Making paper is an excellent lesson for almost any age. While the project can easily be conducted within a middle school classroom–and may even get easier as the age of the student gets higher up to high school and college levels–some may balk at the idea of making paper with preschool children.
Preschoolers, after all, have shorter attention spans. Plus, with the mess of handmade paper–not to mention potentially harmful instruments used–some may wish to skip the risk altogether. Certainly it is a personal choice, but young children can still very much be involved in the paper making process. Here’s how:
Have them bring in paper from home. Chance are you’ve already got plenty of paper to use from the recycling bins at school. However, letting children participate by bringing in their discarded paper from home will let them have a sense of accomplishment and involvement.
Let them tear up the paper. This is one of those times where they can make a true mess and not get into trouble for it! Encourage them to tear the paper as finely as possible, making it a terrific fine motor skill activity. This would also work during a classroom party or birthday when the bits of paper could also be used as confetti.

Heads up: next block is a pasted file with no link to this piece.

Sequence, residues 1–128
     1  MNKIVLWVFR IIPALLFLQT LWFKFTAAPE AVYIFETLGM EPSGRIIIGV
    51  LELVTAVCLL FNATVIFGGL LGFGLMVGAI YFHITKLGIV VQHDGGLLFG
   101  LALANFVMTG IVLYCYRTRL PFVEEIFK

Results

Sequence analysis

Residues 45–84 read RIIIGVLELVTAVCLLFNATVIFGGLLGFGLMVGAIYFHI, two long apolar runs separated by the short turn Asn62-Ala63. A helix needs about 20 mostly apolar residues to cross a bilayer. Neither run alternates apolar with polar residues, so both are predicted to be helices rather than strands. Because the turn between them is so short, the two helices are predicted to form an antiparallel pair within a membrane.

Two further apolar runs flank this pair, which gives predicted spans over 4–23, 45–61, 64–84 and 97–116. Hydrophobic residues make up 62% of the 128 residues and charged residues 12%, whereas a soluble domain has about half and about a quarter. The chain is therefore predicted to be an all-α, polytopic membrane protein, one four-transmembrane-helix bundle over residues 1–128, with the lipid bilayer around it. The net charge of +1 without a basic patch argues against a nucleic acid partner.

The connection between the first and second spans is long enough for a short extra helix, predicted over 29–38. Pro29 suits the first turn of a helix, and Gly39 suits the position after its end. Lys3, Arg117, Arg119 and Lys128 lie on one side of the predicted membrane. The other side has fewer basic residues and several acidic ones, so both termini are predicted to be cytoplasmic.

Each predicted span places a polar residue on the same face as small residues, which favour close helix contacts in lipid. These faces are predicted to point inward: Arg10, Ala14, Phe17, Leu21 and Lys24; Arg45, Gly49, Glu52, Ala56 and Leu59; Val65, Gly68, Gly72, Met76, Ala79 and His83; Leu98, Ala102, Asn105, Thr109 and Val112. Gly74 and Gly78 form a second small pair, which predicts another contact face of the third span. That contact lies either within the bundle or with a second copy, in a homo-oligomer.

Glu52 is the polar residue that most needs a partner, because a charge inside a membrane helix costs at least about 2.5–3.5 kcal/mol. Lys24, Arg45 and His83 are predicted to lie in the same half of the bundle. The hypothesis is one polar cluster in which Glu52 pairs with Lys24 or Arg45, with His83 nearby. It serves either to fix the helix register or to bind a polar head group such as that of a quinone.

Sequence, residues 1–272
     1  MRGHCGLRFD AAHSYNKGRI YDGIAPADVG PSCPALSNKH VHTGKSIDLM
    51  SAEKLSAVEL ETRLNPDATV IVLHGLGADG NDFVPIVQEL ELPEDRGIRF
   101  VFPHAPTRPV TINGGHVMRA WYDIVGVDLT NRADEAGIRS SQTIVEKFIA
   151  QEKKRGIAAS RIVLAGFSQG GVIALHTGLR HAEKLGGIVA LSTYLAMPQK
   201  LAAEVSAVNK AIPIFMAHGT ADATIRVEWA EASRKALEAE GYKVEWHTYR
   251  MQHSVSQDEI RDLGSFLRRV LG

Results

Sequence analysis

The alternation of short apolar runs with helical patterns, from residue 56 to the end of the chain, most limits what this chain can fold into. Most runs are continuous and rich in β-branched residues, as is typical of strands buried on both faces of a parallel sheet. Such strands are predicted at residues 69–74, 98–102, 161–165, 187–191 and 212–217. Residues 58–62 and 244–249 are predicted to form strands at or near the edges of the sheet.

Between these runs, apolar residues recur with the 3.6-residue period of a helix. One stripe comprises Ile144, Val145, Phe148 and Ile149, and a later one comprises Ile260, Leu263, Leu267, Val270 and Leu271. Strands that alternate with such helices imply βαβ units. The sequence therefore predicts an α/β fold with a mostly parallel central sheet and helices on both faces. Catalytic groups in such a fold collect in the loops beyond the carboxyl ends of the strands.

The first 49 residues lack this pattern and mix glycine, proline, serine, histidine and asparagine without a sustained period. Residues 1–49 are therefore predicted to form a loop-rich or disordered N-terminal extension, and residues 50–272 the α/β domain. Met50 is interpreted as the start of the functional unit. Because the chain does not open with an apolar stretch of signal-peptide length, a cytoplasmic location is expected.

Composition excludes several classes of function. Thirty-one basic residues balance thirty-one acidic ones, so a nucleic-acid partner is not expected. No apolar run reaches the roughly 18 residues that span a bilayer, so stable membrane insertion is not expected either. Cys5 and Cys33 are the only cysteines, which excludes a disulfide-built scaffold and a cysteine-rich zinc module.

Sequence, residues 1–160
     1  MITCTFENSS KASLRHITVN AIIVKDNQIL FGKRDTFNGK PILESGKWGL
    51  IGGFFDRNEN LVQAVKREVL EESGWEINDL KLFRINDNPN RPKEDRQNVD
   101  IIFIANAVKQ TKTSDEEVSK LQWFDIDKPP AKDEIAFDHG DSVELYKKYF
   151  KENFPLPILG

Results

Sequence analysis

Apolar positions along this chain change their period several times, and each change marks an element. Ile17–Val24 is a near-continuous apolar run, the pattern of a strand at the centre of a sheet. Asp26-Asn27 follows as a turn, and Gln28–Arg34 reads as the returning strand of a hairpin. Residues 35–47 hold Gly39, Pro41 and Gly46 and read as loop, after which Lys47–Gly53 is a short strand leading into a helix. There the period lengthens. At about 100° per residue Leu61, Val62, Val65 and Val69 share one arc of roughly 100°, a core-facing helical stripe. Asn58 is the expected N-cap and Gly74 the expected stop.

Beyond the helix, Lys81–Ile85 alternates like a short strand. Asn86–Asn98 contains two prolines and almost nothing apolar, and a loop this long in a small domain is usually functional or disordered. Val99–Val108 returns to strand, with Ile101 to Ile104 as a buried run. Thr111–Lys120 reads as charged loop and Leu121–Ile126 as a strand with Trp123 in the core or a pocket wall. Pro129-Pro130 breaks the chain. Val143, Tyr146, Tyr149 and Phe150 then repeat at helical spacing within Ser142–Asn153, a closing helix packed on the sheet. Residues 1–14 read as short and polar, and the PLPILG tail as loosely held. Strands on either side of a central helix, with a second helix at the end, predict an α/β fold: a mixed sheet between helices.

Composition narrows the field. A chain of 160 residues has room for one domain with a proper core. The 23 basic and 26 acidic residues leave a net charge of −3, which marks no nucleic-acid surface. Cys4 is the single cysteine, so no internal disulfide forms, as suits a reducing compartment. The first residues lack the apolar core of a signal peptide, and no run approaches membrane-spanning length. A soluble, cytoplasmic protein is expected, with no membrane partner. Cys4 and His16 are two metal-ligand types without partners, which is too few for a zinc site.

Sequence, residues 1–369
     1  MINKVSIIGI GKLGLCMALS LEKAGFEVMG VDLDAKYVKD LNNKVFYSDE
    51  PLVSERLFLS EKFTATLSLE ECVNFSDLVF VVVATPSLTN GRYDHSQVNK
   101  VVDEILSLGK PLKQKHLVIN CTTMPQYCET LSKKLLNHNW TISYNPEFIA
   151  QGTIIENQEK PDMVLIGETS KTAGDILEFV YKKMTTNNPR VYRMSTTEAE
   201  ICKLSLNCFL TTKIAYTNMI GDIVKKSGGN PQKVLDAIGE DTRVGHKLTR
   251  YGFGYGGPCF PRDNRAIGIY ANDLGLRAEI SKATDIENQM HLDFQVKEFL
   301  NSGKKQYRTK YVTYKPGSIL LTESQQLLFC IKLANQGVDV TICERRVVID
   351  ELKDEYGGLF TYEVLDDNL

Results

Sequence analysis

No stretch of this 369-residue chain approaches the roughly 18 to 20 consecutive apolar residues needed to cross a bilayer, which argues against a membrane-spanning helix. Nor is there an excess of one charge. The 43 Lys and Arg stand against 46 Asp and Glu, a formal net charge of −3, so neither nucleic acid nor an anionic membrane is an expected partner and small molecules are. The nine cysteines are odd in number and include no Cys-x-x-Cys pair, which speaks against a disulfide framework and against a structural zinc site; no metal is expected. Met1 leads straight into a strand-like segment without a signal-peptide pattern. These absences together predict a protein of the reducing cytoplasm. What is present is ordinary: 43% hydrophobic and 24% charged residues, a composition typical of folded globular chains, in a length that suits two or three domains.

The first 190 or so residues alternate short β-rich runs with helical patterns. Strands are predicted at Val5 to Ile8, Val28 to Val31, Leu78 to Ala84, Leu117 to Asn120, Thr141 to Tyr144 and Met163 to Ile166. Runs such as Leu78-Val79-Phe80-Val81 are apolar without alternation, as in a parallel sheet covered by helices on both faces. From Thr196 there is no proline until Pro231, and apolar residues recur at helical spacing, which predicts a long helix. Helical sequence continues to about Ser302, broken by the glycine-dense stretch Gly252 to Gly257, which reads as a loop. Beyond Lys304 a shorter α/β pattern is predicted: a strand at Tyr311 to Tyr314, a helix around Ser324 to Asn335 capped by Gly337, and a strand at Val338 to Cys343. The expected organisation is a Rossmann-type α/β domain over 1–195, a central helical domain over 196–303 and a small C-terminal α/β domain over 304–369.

Let them help with the paste. You’ll have to make or purchase your screen on your own–and likely make most, if not all, of the paste–but you can let the children help stir it and even flatten it on the screen very carefully.
Decide how to use the paper together. Vote on it to teach about sharing and compromising. Offer options if the kids can’t think of many ideas and choose the top two or three to make some great creations with your paper. Perhaps you can use it for letter-writing on Grandparent’s Day, or let each child have a piece to create a special classroom book.